The answer also alleges, that the Chicago, Iowa and Nebraska Railroad company has a line of road in operation from Clinton city to Cedar Rapids; that the defendant has in operation a road from Cedar Rapids to Council Bluffs, and that the proposed road from Lyons city (provided for in the amended articles of incorporation of the defendant) will form, when completed, one continuous line of railway across the State from Lyons city to Council Bluffs.
The answer refers to the act of March 26, 1860 (Special Laws, 1860, p. 40), entitled, "An act to carry into execution the trust conferred upon the State of Iowa, in respect to the lands granted by an act of congress approved May 15, 1856, to aid in the construction of a railroad from Lyons city across the State of Iowa, and near the forty-second parallel, to the Missouri river;" and to the act of congress approved June 2, 1864, entitled, "An act to amend an act making a grant of lands to the State of Iowa," and approved May 15, 1856, and claims, that it is thereby made the duty of the defendant to construct a road from Pearl street, in Lyons city, to a point of intersection with the Chicago, Iowa and Nebraska railroad, within the limits of the city of Clinton.
The answer admits the refusal of the city council, of the plaintiff, in May, 1864, to allow defendant to build its road upon any of the streets of Clinton. Admits the proceedings in the District Court, in 1864, by which defendant was enjoined from using the streets of the city "so long as the causes stated in said petition (filed in 1864) exist;" but denies that the same causes now exist, because, since that time, to wit, in June, 1867, the defendant's articles of incorporation have been amended as above stated, by which it has express power to build the proposed road. Denies the validity of the city ordinance of 1859, and says the same is in conflict with the laws of the State. Admits that it proposes to build said road, and to occupy so much of the streets of the city as is necessary, and no more, in order to intersect, as required, with the Chicago, Iowa and Nebraska railroad, within the corporate limits of Clinton city.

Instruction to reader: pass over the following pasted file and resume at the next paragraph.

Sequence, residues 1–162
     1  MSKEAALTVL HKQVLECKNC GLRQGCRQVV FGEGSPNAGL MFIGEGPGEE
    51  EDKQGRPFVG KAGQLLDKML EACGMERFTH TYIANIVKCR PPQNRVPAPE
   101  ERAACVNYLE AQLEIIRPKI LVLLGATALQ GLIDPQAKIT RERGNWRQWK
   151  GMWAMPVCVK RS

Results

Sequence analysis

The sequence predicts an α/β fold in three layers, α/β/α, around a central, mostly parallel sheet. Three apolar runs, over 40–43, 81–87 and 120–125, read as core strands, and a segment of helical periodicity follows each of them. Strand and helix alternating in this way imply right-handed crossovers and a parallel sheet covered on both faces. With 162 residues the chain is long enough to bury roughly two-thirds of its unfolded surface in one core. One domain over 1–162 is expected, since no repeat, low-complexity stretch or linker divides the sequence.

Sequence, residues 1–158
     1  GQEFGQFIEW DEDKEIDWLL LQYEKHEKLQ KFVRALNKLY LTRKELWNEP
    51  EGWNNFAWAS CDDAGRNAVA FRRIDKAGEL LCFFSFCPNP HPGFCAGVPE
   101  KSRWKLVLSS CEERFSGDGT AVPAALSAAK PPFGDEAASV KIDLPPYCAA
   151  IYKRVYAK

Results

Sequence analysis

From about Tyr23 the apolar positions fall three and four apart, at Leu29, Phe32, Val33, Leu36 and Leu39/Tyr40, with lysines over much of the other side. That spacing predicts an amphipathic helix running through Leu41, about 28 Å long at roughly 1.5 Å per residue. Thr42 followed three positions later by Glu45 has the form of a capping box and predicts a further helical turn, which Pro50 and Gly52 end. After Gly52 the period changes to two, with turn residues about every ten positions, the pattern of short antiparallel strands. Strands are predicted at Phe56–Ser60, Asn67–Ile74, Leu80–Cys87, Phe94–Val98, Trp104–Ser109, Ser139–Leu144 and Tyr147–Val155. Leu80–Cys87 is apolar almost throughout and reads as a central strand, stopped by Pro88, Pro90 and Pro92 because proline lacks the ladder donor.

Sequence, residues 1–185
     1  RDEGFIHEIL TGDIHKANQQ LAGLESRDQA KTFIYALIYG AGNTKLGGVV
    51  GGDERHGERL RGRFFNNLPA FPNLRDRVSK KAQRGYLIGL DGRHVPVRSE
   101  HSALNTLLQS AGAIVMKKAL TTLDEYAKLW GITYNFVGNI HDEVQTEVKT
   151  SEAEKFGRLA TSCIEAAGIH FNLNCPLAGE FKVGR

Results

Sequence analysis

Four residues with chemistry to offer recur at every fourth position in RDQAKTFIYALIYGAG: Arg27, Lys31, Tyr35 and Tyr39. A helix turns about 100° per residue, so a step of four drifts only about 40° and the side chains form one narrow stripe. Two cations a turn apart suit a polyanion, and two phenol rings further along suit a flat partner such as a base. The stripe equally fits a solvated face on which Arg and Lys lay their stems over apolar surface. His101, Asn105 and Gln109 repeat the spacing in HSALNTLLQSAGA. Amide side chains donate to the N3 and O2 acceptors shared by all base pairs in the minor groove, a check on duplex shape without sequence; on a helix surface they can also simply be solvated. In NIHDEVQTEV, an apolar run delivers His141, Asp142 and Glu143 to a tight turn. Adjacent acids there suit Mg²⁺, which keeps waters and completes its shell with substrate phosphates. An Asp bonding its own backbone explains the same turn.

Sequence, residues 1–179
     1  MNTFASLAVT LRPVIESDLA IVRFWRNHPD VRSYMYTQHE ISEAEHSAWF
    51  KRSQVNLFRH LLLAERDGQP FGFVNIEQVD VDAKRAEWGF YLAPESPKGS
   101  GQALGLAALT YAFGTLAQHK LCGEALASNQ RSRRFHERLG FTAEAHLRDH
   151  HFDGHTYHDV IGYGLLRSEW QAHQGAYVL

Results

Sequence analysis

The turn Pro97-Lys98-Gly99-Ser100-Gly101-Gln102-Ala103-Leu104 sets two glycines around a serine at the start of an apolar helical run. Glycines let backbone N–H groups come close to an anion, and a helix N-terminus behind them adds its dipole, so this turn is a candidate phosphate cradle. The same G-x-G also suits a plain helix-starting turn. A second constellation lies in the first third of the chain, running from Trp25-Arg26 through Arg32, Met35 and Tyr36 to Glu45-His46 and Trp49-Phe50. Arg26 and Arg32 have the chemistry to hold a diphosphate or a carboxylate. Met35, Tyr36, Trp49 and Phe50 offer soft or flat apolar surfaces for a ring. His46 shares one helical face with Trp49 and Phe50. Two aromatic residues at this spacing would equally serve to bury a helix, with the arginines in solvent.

The answer then sets up, that the route selected avoids, as far as practicable, the streets and public grounds of the city, and exhibits a diagram of the route; that, as to the location and construction of the road within the city, defendant is willing to be governed to a reasonable extent by the wishes of the city council; to conform as nearly as practicable to the grade of the streets, and to submit to all proper regulating ordinances; that the selected route does not pass through the populous and highly improved portions of the city, and that it is impracticable to build the road required by the act of 1860, without passing over some of the streets of the city of Clinton; that, as far as practicable, the route has been laid through private property in said city, and steps have been taken to procure the right of way; that it does not propose to occupy the whole length of River street, but that it cannot construct its line without passing over some part of it.
The answer alleges, that if the city is entitled to damages under the right of way act (Rev. p. 218, art. 3), the defendant is willing to have the same assessed and paid to the city before constructing its road.